Many people spend good money on changing their lives – to advance their careers or reach personal goals. They go to college or trade school, or take online courses or seminars. Some people even hire life and career coaches. But what good is spending all that time and money if you don’t show up to do the work?
Whatever your goal, the most valuable tool in your toolbox is your time: showing up, putting in the work, every single day. This simple act can and will produce profound results. And, yes, that means showing up even when you’re not feeling motivated.
What is your goal? It may be large or small. If it’s a biggie, you’ll benefit from turning it into a series of smaller goals, which can feel more attainable. Once you set your goal, you start paying attention to it. And that’s the first step to getting it done.
Now that you’ve identified what you want, the next step is to put together an action plan. Every goal has a starting point – the clean white sheet of paper or brand new Word document, the spotless countertop, the empty spot of land, the primed canvas, the blank Excel spreadsheet. Overcoming the fear of that blank slate is the next step in your action plan. It’s easy at this point to focus on negatives and excuses, why you won’t succeed. And be ready – the path to success can be painful and challenging as you come face-to-face with those excuses over and over again.
Meeting your goal requires consistent behavior, building muscle memory. Showing up every day will help you take your goal from zero to checking it off your list as complete. November is known in some circles as National Novel Writing Month. The idea behind it is that it’s possible to write an entire novel in 30 days — if you write a certain number of words every single day. And it is possible. Several Novembers ago, I wrote a 65,000 word novel. It wasn’t very good and it’ll never see the light of day, I promise you. But my goal hadn’t been to write a good novel. My goal was to write a novel length story, by writing a minimum of 1,667 words every day. At first, I had to force myself to write each day. By the end of the month, I’d built it into my schedule so easily that on many days I wrote much more than the minimum number of words.
Research suggests that it can take anywhere from two to eight months to build a new behavior into your life. The key is consistency – doing the work regularly. Furthermore, a major key to success is to enjoy it. Learn to enjoy the challenge of working hard, learn to enjoy doing something every day that gets you closer to your goals.
Embrace the work. Because if the goal is valuable to you, it’s worth it. And know that when you show up and work on it every day, the work can become easier. With repetition, you position yourself to overcome the obstacles and excuses. For most of us, the major barrier can be summed up in one word: Fear.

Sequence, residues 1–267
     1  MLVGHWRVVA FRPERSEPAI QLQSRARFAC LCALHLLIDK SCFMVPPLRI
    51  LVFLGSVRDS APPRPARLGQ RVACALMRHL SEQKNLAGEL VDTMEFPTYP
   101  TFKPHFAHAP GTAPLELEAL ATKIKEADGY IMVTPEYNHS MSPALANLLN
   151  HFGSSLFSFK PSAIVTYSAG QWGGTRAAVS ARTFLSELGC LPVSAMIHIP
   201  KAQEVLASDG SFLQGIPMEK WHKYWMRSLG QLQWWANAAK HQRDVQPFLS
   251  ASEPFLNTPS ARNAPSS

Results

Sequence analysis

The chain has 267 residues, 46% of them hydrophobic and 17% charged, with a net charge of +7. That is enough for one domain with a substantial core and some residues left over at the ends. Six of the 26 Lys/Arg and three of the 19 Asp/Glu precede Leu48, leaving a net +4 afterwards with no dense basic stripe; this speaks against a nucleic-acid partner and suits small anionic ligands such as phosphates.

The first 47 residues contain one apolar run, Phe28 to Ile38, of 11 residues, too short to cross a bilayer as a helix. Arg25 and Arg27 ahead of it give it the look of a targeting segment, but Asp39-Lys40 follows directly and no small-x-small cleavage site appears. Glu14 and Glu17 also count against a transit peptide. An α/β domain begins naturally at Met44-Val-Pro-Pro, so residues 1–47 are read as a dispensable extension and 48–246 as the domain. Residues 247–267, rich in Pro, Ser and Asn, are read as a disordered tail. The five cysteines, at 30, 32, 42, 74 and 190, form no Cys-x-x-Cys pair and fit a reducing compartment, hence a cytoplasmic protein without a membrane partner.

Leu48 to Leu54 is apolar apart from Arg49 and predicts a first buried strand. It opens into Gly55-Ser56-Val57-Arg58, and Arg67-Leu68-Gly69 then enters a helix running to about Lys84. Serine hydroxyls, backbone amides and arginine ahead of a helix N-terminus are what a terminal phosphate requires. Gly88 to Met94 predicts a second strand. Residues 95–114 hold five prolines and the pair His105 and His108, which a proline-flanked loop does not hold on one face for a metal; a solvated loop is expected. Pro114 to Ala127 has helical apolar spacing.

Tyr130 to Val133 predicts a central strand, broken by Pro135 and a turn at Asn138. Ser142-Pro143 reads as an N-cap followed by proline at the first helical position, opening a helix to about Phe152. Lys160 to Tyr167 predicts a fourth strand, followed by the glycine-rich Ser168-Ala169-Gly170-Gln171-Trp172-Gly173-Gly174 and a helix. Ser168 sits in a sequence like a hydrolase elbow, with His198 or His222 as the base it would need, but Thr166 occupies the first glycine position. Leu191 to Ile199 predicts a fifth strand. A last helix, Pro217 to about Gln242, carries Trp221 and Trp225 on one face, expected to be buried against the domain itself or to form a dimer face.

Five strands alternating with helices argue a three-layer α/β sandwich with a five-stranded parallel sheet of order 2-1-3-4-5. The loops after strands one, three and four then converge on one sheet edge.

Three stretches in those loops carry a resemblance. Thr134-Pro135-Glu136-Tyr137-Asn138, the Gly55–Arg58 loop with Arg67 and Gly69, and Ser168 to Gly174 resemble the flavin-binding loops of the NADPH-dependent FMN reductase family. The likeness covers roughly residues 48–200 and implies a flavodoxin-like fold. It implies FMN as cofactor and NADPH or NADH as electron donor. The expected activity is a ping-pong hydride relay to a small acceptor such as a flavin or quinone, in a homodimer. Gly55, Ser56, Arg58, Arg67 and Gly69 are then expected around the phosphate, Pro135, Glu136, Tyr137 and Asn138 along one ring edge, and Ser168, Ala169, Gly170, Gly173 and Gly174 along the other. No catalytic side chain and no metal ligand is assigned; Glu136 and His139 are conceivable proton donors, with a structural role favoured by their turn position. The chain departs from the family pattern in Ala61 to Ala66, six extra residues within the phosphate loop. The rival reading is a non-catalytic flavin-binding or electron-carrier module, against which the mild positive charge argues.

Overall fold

Fear of failure. Fear of success. Fear of not knowing what the next step is. Fear that you are not up to the task. Fear you are not worthy. Fear that no one will care even if you succeed. Fear that you will succeed and not know the next step after that.
Still, show up.
“The willingness to show up changes us. It makes us a little braver each time.” ― Brené Brown
There is power in progress. Many of us neglect the intermediate steps because we’re so focused on the end result, somehow not realizing that those intermediates steps are the only way to get that end result. That’s what’s great about National Novel Writing Month (aka NaNoWriMo). While the end goal is to write a 50,000 word novel, there is an individual goal each day: write 1,667 words. Writing that many words may not necessarily come easy, but it’s a small, easy to understand goal.
The end result is important, but focusing only on that, rather than the progress you make, can be overwhelming. And feeling overwhelmed is another big obstacle we face when reaching for our goals. There is value in showing up every day, working hard, making some progress, even when it’s not as much as you’d like. That’s how you overcome some of the biggest obstacles to success – ourselves.
So, now’s the time. Show up. To your life, your career, your side gig, your dream. Show up every day. Take some action to reach your goal at least once every 24 hours. Even small actions. Expect obstacles and be ready to step around, over, or through them. Expect there will be slow times. Expect it won’t always be fun.
The best part about showing up and working hard is that any one of us can do it. No matter what your individual goal is, the first step is committing to the work. The second step is just showing up.